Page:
Atonal Tolstoy

Russia looks bleak in HGO's Resurrection

During the first few scenes of Houston Grand Opera's world premiere of Resurrection, a hedonistic, indulgent prince is smitten with an orphaned servant girl at a dance. Alone with him in her bedroom, the girl demurs, begging for love in tuneful pleas, but he resists. He wants passion. Advancing clumsily to ominous drum beats, the prince unbuttons his pants and gropes at her while she holds back rigidly. At last, he pins her to her back and, heaving and triumphant, steals her virginity as he faces the audience. Rapid fires of percussion echo the two raging hearts on stage.

Such poignant visuals and the signature bass line of this melodically dissonant opera should satisfy even the most atonal-averse. Using keyboards and an occasional synthesizer, experimental American composer Tod Machover's reinvention of Tolstoy's fable of Russia's turn-of-the-century justice system is presented with enough zeal that even the Russian author, who hated opera, would approve. Briton Braham Murray directs the Opera New World production on stage at the Wortham Center's Brown Theater.

With Murray's stage direction, Machover's work is a panoramic feast. It takes viewers inside Russia's courts and dirty jails, and finally to the frigid horrors of Siberian exile. The composer's musical style emerges in a few suspenseful, violent scenes similar to Prince Dmitry Nekhlyudov's seduction of Katerina Maslova. With sinister rhythms, the music creates an aura of the spiritually dead, faithful to Tolstoy and acquiescent to the couple's redemption. Although the show never feels derivative, the dramatic performances of the all-American cast are more inspiring than the voices. Dmitry's motivation to right his despicable acts fails sometimes in the pervasive baritone of Scott Hendricks, who plays the prince.

During the first courtroom scene in Act One, Dmitry is shocked to see that the lovely Katerina, whom he seduced years before, is now a prostitute charged with murder. Dmitry is horrified when his colleagues on the jury wrongly convict her, and he vows to make amends. The first time Dmitry visits her in prison, he falls in love. Then he begins a long series of pleas with the courts and government to gain her pardon after she begins doing time in a brutal Siberian prison camp. The bright lights of the Act One courtroom scenes solidly contrast with the shadowy first encounter between Dmitry and Katerina. As Dmitry, Hendricks lords himself well over the smitten servant girl, played by mezzo-soprano Joyce DiDonato, who allows herself to be bowled over by him. Throughout Act One, Hendrick's haughty aristocrat plays well against DiDonato's prideful Katerina. The first time he visits her in prison, she screams, "You disgust me with your piety and your fat, ugly face!" As her fate is determined by the verdict, her screams from the defendant's box prefigure a long, difficult fight that is skillfully rendered by DiDonato through the rest of the show. The discord in her melodies -- well suited for her mezzo range -- evoke sincere distrust of Dmitry's motives.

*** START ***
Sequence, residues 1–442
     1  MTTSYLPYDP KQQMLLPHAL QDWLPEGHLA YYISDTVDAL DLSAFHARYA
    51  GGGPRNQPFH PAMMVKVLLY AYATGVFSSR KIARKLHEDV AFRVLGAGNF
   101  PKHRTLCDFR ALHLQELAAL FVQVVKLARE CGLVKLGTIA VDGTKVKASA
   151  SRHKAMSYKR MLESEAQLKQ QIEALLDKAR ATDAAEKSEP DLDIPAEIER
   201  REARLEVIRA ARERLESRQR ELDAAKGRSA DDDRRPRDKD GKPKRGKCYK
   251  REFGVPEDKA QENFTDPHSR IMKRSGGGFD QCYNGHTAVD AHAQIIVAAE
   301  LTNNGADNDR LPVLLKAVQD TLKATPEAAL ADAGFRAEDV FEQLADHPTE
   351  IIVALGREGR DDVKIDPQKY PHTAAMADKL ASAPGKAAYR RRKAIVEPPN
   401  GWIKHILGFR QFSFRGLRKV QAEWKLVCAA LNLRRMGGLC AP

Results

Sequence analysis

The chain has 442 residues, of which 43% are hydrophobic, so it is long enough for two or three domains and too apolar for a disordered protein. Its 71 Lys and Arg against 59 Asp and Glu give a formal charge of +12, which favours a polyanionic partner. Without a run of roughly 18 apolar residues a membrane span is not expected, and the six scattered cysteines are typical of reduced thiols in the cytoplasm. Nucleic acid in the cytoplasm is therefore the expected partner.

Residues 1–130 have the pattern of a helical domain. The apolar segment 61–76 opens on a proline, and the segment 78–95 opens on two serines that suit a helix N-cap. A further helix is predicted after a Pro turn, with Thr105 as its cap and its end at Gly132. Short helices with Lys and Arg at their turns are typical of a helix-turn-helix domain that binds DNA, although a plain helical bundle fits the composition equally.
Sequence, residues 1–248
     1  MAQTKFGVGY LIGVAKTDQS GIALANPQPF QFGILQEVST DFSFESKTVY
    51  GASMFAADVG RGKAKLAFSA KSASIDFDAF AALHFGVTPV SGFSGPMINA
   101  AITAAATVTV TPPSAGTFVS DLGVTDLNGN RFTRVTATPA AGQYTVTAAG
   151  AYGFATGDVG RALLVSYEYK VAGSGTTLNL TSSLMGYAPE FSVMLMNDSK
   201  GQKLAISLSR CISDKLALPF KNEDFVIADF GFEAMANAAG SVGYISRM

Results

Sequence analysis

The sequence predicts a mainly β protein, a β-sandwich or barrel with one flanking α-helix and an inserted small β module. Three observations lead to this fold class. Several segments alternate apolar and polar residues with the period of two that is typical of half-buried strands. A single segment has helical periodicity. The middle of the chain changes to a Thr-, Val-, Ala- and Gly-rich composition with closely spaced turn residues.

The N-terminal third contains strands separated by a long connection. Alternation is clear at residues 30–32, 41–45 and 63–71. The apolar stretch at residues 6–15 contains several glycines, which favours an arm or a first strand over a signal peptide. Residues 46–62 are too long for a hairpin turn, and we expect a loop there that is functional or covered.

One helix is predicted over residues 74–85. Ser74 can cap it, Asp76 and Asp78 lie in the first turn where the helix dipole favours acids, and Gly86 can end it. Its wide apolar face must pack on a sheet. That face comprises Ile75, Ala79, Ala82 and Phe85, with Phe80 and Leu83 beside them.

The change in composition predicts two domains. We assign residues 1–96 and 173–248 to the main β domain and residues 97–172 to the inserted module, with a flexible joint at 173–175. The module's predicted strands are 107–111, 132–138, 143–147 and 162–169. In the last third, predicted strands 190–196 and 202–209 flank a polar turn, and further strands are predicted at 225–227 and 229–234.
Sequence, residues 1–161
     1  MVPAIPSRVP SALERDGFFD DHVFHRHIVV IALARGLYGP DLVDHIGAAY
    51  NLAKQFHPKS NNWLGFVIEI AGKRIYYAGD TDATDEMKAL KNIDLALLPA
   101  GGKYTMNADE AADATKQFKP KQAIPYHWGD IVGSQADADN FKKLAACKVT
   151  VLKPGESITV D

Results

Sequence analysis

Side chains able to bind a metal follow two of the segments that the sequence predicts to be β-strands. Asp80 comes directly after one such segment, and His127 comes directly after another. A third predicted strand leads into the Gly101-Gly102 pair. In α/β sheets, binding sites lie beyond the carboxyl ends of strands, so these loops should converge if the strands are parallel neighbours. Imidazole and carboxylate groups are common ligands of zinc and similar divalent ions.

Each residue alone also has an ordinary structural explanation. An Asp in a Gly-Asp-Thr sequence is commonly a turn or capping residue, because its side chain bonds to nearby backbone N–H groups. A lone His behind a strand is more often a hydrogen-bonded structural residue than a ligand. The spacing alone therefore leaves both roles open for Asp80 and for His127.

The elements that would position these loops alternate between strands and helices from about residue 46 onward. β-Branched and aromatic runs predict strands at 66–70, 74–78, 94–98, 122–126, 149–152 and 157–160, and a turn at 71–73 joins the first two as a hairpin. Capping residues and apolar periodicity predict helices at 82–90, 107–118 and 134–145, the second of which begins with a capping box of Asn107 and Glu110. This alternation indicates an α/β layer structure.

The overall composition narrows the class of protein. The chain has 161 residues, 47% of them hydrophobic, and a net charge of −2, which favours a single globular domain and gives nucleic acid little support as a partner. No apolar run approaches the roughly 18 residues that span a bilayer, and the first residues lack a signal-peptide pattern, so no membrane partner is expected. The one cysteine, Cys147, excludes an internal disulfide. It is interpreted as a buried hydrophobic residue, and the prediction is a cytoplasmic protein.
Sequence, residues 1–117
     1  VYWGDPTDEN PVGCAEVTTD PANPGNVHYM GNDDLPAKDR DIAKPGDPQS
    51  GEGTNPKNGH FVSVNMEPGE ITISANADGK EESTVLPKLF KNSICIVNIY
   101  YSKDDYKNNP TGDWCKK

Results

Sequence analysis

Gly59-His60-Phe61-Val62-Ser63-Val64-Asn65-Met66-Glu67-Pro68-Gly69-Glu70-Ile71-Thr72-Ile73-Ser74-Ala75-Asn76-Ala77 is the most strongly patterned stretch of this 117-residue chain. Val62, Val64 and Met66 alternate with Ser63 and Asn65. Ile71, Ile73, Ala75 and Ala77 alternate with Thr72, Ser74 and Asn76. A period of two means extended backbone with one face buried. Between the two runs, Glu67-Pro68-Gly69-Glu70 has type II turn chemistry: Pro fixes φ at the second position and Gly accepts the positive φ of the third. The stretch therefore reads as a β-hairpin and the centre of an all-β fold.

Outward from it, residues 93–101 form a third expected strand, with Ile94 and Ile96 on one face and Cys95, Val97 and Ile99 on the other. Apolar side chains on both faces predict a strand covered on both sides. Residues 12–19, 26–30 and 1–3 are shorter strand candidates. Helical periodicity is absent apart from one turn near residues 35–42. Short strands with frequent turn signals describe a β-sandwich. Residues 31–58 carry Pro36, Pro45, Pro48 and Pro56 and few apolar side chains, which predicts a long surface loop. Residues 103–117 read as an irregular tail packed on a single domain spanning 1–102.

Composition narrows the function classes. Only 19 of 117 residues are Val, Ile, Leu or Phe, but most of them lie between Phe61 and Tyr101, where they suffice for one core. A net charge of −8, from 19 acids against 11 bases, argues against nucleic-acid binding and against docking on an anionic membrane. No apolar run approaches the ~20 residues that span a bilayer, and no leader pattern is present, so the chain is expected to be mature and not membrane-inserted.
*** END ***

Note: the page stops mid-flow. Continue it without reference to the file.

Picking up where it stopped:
But the music written for Hendricks's baritone lacks the color needed to make his renunciation of wealth seem convincing. His pleas for Katerina's cooperation in the prison sound hollow compared with her harsh rebuffs. The contrast may be an illusion created by steady bass streams emanating from the orchestra pit. Dramatically, though, Hendricks is superb as the cad who rebuffs Missy, his fiancee. Mezzo-soprano Judith Christin plays up Missy's desperation to comic extremes. After dinner in her parents' palace, she throws her body at Dmitry, and he is repulsed.

Even more titillating than these antics are Machover's stunning visions of how the powerful operate with amoral purpose. In the Siberian camp scenes of the second act, political prisoner Peter Simonson, who befriends Katerina, is brutally whipped. Percussions that simulate the crack of the whip make the audience wince. Aided by choreographer Sandra Organ, Machover's music achieves sympathy between the audience and those persecuted on stage.

Simon Higlett's snow-filled sets of the Siberian work camp are visually appetizing. Here, the chorus of convicts murmurs in hollow desperation while guards wielding muskets beat the prisoners. The Byzantine backdrop of Christ's blank face is overused, however. Maybe it's supposed to remind the viewer of the couple's redemptive journey. Such elements give the story a preachy tone.

For Count Leo Tolstoy, the act of writing War and Peace and Anna Karenina drove him to peel away the stifling cocoon of his aristocratic life. Giving up his country estate, the author took to making his own shoes and donned the blouse of a Russian peasant. Dissatisfaction with the hypocrisy of his class pushed him to embrace the cultish Christianity that inspires this tale. If there's a criticism of the opera, it comes from the story itself. At moments it's tainted with the same tone of self-righteousness that makes the novel a bit of a bore. Still, in this cynical age, the message is potent.

Houston Grand Opera performs Resurrection in English with surtitles at Wortham Theater Center's Brown Theater on Saturday, May 1, Tuesday, May 4, and Friday, May 7, at 7:30 p.m. Tickets are $20 to $175. Call (713) 227-ARTS for more information.

 
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